The Obama administration made good on its promise to improve the economy of working Americans for one notable working American down on her luck. The result is the new official portrait of the nation’s first family — an image that radiates possibilities for a country still down at the heels.
On Sept. 1, Annie Leibovitz, the photographer who parlayed early work with Rolling Stone magazine with an ascendant fascination with popular culture and made herself a brand name in the process, took the portrait in the Green Room of the White House.
The 44th president sits with First Lady Michelle, and the daughters, Malia and Sasha (who’s got to stop being so utterly adorable, right now).
Leibovitz needed the work. The photographer, whom I interviewed in 2003, had reportedly borrowed about $24 million from New York-based Art Capital Group, using the rights to her 30 years-plus archive of photographs and the value of personal properties as collateral.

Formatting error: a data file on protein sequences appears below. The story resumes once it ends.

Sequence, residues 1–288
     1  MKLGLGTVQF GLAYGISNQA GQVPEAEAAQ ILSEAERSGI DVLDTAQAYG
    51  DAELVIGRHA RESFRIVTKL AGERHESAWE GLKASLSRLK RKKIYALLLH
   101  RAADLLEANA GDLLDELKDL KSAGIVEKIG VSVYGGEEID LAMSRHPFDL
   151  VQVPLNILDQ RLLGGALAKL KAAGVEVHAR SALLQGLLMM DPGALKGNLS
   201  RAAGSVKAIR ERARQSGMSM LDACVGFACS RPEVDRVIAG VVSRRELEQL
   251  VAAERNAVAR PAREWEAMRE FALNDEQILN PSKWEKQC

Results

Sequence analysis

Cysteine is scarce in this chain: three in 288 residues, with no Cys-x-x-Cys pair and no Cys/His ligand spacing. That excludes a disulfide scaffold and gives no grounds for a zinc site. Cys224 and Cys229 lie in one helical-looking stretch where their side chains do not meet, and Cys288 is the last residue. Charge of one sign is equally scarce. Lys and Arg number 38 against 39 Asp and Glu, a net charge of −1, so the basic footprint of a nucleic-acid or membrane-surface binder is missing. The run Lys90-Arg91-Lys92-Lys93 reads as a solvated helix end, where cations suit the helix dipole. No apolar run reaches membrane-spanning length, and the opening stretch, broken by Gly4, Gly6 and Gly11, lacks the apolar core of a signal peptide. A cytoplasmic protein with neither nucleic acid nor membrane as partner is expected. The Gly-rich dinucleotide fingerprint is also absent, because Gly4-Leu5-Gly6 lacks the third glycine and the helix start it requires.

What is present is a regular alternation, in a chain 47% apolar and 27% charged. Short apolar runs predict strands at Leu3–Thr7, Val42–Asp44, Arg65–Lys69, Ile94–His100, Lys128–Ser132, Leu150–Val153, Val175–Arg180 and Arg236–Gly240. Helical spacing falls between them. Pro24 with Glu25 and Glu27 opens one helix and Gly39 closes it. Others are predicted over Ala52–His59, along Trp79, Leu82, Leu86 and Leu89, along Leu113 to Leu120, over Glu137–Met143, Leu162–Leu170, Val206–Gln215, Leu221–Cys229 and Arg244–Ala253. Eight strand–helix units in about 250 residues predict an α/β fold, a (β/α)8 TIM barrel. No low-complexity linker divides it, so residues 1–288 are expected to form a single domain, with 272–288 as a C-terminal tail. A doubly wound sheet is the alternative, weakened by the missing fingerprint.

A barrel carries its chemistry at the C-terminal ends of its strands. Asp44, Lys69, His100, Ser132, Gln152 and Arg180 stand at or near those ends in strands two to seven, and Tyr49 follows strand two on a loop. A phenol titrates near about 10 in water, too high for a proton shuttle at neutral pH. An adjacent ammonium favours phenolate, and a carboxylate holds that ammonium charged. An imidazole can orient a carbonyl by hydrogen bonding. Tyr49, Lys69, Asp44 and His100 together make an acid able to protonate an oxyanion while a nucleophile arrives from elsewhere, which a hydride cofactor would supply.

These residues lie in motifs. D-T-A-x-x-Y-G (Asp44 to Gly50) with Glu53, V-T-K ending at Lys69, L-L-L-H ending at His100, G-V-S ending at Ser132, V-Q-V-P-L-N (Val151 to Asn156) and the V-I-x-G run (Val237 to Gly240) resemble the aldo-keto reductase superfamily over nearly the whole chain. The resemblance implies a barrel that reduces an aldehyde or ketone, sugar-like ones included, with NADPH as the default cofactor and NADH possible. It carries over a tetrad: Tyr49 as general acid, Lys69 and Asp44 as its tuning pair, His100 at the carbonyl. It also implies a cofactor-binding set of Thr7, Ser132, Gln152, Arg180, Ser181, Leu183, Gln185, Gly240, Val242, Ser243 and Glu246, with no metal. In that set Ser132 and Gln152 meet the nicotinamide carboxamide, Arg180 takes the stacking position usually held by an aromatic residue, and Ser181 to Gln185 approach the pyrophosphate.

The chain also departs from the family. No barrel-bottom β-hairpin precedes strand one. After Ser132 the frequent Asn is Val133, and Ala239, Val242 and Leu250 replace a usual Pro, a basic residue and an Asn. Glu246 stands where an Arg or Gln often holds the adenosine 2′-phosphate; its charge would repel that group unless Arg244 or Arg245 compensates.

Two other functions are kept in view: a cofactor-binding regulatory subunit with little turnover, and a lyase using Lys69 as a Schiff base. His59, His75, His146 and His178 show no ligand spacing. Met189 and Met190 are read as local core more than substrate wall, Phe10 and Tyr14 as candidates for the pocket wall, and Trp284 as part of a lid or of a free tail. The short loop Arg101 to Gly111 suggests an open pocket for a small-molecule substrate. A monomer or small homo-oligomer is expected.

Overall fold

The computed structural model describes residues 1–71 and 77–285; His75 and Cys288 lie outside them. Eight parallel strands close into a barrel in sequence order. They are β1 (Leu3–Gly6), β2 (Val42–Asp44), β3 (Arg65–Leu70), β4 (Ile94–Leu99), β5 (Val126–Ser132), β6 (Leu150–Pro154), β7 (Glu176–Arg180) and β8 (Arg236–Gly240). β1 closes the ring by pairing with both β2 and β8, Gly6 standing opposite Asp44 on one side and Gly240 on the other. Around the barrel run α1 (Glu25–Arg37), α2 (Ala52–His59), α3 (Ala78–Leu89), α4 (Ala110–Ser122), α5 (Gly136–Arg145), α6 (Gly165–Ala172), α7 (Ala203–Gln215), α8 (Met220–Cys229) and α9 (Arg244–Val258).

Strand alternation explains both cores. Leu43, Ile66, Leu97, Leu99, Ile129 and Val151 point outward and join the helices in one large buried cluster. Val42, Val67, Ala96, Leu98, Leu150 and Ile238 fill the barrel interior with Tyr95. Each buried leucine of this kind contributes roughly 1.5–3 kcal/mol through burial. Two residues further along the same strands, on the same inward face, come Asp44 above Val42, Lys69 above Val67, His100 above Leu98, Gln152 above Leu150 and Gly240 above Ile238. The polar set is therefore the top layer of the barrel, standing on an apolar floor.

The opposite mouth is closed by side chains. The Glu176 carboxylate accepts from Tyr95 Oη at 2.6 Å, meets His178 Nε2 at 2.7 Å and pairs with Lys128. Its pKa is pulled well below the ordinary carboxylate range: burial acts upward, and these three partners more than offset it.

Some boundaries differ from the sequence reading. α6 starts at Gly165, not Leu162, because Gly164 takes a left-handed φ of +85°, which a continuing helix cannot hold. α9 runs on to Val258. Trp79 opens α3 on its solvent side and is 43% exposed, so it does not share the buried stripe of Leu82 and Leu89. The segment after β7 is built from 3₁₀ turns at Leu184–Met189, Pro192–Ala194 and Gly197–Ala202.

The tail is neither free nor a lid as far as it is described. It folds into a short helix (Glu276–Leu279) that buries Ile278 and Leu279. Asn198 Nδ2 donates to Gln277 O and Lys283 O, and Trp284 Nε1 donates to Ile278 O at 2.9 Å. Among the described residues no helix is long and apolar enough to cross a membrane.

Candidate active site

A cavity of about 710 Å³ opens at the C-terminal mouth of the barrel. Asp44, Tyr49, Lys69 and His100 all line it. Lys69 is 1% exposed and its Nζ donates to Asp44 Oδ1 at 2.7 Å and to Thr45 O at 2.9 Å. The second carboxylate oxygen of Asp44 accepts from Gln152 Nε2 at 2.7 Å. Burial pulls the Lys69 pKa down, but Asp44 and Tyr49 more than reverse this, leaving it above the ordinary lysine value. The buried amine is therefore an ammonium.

AP reported that last year, “Leibovitz put up as collateral three Manhattan townhouses, an upstate New York property and the copyright to every picture she has ever taken – or will take – to secure the loan.” She got an extension on the loan last month.
Her latest effort is an inspiring thing for Americans in general, and black Americans in particular. Faced with economic challenges and personal headwinds, the country needs these little symbols of normal in a time that’s anything but.
The administration has made much of stimulus packages in the past nine months. Here’s to the emotional stimulus we got, and the financial stimulus Annie Leibovitz needed.
Image credits: The Obamas: The White House/© 2009 Annie Leibovitz. Leibovitz: AP/Kirsty Wigglesworth.